British Physicians Are Ignoring National Rules, Refusing Patients Vital Operations

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British hospitals are denying patients vital surgeries by rationing certain operations against the government’s orders, The Guardian reports.

The United Kingdom’s National Health Service, a single-payer health care system which has won the applause of liberal pundits and the Obama administration’s favorite health care administrators, is embroiled in yet another scandal about poor health care, according to an investigation by the Royal College of Surgeons.

The nationalized health care system employs clinical commissioning groups — smaller, physician-led bodies called CCGs — to run NHS services on a local level. But 73 percent of the groups don’t follow the U.K’s national rules on hip replacement surgeries, according to the report, raising questions about whether individual hospitals are following national regulations in other areas as well.

Almost half of the physicians groups require patients to be in significant pain and immobile before they’ll operate, according to the report, against NHS policy. The groups are charged with keeping the National Health System’s costs down and have been under increased pressure as the single-payer system’s costs have skyrocketed. The NHS faces a “financial crisis” as soon as next year according to British health experts, The Independent reported earlier this year.

The surgery restrictions may have been partially due to funding pressures, but state officials denied that the rationing was solely due to budgets.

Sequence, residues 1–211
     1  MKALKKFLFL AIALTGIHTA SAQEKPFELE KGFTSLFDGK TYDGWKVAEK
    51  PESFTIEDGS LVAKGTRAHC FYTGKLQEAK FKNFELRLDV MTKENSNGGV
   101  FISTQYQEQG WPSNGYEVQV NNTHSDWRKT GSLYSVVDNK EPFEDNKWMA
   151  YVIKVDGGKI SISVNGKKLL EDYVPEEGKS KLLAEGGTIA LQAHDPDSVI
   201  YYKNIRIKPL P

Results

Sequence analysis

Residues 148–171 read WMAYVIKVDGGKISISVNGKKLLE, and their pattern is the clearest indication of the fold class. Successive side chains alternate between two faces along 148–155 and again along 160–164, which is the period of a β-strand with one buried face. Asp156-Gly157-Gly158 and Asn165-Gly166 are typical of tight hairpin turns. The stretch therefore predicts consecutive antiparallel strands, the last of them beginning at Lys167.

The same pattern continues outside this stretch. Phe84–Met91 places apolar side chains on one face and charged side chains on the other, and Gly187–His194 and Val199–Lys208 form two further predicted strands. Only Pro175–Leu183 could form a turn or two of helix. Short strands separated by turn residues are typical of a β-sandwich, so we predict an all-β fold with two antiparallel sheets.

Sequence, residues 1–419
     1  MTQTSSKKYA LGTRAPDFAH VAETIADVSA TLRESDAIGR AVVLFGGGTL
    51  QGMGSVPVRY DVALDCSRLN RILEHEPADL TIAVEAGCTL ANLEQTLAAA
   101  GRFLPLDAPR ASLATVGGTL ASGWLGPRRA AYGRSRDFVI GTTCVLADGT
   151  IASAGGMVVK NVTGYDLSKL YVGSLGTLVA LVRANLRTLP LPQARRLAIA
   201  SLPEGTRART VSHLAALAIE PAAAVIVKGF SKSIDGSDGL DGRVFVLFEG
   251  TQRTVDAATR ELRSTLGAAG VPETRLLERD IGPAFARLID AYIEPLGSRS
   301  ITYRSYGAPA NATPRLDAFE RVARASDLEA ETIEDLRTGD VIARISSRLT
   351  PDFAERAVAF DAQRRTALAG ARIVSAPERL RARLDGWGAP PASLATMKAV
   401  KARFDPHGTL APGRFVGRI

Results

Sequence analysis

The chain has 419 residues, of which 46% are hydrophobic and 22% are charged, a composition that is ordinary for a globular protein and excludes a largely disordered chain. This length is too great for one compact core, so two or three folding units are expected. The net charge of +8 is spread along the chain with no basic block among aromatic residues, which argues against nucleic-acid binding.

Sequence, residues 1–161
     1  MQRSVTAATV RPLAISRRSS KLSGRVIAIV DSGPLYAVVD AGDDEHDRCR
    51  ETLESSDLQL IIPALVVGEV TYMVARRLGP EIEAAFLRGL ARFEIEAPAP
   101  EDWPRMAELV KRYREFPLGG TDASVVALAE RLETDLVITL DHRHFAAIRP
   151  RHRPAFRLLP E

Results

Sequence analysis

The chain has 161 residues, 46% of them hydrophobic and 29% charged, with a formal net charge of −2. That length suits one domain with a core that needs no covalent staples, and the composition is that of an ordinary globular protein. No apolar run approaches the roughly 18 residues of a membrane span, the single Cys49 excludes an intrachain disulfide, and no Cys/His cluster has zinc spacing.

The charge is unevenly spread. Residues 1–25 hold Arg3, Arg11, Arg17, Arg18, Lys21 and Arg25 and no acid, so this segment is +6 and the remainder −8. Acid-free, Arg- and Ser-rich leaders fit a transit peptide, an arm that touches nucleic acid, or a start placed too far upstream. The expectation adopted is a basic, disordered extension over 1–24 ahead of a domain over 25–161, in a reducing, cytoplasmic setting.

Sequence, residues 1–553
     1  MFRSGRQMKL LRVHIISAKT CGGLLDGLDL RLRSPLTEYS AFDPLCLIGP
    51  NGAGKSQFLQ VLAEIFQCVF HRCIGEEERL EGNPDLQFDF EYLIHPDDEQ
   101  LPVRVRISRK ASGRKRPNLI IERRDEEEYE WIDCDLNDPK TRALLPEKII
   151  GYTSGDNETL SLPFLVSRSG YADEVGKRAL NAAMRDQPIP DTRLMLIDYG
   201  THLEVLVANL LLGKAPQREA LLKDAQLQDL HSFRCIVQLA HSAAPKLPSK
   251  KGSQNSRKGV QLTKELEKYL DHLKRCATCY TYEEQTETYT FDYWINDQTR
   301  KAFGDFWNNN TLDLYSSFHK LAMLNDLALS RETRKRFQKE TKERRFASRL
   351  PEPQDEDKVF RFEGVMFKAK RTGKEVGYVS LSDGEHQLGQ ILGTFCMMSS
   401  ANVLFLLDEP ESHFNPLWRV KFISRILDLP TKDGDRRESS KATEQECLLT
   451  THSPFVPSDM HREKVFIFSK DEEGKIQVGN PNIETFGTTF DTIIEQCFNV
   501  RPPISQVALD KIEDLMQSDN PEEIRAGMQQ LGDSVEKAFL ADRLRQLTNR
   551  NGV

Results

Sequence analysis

“To insinuate that their motivation is purely financial is wrong,” said Steve Kell, co-chair of the national organization of clinical commissioners.

“Ensuring patients get the best possible care against a backdrop of increasingly squeezed finances is one of the biggest issues CCGs face,” added Amanda Doyle, the organization’s other co-chair. “We know that clinical commissioners are already working hard to improve local services by making responsible, clinically-led decisions in partnership with [general practitioners,] patients and providers.”

State officials said physicians were attempting to make sure that surgery was the best option for the patient, but the Royal College’s report indicates that many British patients were left in debilitating pain while they waited.

“This report seems to show that local commissioners are imposing arbitrary rules governing access to some routine surgery,” said Clare Marx, president of the Royal College of Surgeons. “The motivation may not be financial but it is clear that some CCGs do not commission services using clinically accepted, evidence-based guidance.”

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Sarah Hurtubise